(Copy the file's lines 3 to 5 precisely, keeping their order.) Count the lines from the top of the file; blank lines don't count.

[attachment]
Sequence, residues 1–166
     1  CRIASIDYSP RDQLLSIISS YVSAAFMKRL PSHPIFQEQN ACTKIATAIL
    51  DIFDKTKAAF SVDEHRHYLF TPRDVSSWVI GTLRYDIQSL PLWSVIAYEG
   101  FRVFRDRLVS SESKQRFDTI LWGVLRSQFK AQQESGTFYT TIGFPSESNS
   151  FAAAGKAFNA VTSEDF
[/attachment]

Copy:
    51  DIFDKTKAAF SVDEHRHYLF TPRDVSSWVI GTLRYDIQSL PLWSVIAYEG
   101  FRVFRDRLVS SESKQRFDTI LWGVLRSQFK AQQESGTFYT TIGFPSESNS
   151  FAAAGKAFNA VTSEDF